Monthly Archives: November 2015

Student Services Reporting

All students receiving Student Services will receive a regular classroom report.

Early Childhood (EC) and Kindergarten (KG) reports

The EAL and Early Intervention teacher will work collaboratively with the classroom teachers to write the students’ reports. EC and KG reports look slightly different and do not have a separate Early Intervention or EAL section.

EAL (English as Additional Language) Students Grade 1-Grade 5

Progress will be marked on the report continuum and further explanation will be given in the EAL section of the report.  As the report continuum covers up to 2 years below grade level, we fully expect some New to English and EAL students to fall below that, and will therefore have little (if anything) highlighted on the report continuum.  This will be explained in the teacher narrative.

Learning Support Students Grade 1-Grade 5

Only students on the Learning Support Register receive accommodations on their report.

We provide accommodations in any of the following areas:

  • Reading Fluency and accuracy
  • Reading Comprehension
  • Writing content and ideas
  • Writing conventions and skills
  • Communication
  • Math Number
  • Math Measurement
  • Math Pattern and Function
  • Math Shape and Space
  • Math Data Handling
  • PSPE (Physical, Social, Personal, Emotional)

If your child receives accommodations for any of the above listed areas, this is clearly marked by the triangular symbol on the report continuums.  Further explanation is given in the teacher narrative.

As we have some students working more than 2 years below grade level in some academic areas, it is possible that these students will have certain areas unmarked/un-highlighted on their report continuum.

There will be a sentence on your child’s report mentioning that your child has received Learning Support this past semester and referring the reader to their Student Support Plan for more information.

The reporting section of the Student Support Plan will be sent home together with the classroom reports for all Level 2, 3 and 4 students.  Individual goal reporting will also be sent home with the classroom report for all Level 3 and Level 4 students on the Learning Support Register.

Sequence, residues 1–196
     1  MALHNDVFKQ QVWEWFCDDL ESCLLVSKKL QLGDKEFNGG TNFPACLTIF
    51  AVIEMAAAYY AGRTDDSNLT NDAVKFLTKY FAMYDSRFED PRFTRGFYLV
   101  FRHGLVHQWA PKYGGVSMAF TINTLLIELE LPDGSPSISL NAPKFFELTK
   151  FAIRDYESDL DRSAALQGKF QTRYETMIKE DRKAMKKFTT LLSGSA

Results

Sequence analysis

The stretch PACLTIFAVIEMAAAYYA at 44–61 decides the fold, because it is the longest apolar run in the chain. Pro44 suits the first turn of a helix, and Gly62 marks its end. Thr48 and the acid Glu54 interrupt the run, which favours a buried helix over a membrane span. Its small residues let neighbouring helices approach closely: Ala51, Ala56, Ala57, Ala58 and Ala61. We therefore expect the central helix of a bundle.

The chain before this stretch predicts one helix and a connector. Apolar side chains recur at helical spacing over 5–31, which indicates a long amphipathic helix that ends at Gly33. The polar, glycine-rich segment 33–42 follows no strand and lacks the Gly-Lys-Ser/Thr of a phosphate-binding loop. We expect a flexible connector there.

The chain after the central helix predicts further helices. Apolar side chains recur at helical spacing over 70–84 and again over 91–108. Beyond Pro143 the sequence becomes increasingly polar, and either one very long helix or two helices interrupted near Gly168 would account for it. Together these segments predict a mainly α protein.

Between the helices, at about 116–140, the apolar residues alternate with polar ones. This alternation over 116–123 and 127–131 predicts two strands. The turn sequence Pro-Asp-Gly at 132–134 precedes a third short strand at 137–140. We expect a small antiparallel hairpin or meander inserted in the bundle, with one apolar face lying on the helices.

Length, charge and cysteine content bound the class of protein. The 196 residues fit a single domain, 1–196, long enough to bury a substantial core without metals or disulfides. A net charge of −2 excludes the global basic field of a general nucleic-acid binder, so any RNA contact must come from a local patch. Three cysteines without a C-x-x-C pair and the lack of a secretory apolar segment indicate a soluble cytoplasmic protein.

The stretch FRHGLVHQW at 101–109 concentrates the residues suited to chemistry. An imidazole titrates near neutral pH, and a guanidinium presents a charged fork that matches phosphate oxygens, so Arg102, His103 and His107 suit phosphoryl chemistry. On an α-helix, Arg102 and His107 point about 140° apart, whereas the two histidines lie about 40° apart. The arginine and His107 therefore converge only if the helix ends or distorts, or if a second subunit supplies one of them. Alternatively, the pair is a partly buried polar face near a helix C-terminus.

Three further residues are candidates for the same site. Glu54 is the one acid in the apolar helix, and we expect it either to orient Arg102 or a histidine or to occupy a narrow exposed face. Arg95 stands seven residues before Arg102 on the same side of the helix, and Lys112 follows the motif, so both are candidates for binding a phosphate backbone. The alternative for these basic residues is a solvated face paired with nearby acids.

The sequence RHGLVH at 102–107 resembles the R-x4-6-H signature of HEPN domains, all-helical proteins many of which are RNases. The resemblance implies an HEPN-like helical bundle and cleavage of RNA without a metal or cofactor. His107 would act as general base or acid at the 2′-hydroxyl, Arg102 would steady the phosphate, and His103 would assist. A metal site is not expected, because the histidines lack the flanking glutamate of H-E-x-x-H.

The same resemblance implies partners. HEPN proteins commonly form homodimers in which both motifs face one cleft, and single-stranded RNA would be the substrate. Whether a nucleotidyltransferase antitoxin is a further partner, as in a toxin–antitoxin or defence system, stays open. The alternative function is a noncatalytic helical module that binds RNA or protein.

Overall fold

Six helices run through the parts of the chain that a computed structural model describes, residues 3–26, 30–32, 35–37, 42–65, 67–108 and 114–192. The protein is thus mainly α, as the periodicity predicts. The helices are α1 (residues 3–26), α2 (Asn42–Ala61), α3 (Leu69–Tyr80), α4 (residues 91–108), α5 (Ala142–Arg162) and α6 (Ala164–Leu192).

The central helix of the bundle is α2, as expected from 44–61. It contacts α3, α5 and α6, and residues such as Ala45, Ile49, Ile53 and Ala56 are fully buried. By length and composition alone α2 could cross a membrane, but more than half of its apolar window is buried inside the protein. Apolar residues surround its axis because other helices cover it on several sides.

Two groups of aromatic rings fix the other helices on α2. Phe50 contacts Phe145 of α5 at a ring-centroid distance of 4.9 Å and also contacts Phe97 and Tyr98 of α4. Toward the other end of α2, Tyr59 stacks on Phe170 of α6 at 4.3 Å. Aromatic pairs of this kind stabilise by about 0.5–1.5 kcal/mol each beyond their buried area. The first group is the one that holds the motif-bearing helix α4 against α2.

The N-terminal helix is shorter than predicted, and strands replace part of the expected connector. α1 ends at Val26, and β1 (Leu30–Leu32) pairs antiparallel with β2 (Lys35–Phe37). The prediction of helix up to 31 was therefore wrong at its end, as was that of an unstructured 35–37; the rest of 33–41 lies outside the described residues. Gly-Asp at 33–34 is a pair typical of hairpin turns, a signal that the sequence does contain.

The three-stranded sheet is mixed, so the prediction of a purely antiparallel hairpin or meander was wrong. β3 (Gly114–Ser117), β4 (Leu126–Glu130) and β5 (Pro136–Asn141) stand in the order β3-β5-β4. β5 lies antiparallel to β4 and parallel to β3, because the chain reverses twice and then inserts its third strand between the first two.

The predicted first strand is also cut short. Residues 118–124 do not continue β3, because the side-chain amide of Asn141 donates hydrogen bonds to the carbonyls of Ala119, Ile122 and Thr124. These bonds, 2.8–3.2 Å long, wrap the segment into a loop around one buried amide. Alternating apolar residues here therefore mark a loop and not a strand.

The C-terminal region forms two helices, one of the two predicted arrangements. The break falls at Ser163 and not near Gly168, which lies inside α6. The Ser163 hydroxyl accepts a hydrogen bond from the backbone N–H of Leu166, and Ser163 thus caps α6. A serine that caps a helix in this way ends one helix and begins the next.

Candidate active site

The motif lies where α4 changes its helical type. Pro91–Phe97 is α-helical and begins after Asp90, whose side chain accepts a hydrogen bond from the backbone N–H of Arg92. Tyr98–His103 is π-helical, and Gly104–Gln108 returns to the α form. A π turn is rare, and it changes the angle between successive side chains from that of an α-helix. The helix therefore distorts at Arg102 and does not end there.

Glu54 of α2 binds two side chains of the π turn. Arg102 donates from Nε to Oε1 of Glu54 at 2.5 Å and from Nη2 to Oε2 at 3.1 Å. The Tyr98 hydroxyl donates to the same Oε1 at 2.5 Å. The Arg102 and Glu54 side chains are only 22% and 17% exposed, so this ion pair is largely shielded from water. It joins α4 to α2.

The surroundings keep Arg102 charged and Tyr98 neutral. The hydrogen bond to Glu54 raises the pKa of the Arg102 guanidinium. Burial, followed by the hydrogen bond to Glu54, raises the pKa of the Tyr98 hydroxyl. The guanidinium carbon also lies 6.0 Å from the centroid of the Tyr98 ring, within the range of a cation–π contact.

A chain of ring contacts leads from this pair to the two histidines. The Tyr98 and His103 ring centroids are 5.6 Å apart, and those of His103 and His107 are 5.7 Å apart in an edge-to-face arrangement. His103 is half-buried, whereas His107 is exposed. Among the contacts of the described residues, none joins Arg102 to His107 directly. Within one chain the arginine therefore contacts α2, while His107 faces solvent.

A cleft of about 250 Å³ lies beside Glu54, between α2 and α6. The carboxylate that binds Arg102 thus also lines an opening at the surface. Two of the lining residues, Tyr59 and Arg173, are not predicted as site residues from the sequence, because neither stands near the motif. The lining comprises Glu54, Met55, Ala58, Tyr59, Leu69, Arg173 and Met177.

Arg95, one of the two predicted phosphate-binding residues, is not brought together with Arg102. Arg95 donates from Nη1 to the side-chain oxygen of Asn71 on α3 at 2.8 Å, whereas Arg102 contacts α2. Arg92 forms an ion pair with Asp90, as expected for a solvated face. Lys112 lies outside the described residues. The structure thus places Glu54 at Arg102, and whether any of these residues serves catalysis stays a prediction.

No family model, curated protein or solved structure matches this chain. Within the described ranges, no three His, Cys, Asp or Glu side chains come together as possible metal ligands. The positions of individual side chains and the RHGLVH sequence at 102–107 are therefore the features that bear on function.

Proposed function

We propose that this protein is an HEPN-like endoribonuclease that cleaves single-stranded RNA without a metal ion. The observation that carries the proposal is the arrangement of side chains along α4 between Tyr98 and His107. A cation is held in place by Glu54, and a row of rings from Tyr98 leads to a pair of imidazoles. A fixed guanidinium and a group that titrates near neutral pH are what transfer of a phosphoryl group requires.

We kindly ask you to return one signed copy of your child’s Student Support Plan Report to your child’s Learning Support Teacher as soon as possible.

Should you have any questions, please feel free to contact your child’s Learning Support teacher.

Visible thinking routines

Various grade levels at the Elementary school including the Grade 2 team and the Learning Support Department have begun incorporating a number of ‘thinking routines’ into the classroom. This is a strategy used to foster positive thinking and learning attitudes in children. It allows us to be able to document student thinking and be able to develop this further together. This is a culture of thinking introduced by the course ‘Making Thinking Visible’ by Project zero, Harvard University.

Using strategies to make thinking visible can be an incredibly powerful tool used in school and at home. These routines allow us to peek into the minds of the students, push them further, become curious about their way of thinking and then attempt various strategies in order to ensure we have a thorough response from the students.

Examples of these routines are displayed in the classrooms and students have begun using some of this terminology in their daily language. I felt it would be a good opportunity to introduce you to a routine that can be used by anyone and at anytime called the ‘See-Think-Wonder’ routine. Teachers have used this routine when showing students a picture or an artifact and then asking the students to begin by first telling us what they ‘see’ in the picture and then what they think about what they have just seen and finally, what it makes them wonder.

It is amazing to see the thought processes that are reflected in all these areas and how students begin to make connections from what they see but also from the thinking of other students.

Examples of when this routine can be used outside of school are:

  • When reading a book with a child and you come across an interesting picture or even part of a picture,
  • When your child asks you a question about something they see – your answer could be lets do a ‘see-think-wonder’ and think about this together
  • When out and about and you see something out of the ordinary

During this process, teachers also get involved and we are able to participate in the thinking routines together with the students allowing for inquiry-based learning to naturally occur.

These routines help us show the children that we care about their thoughts and we are interested in their responses. This feeling of importance is necessary for all children and is conducive to learning both at school and outside.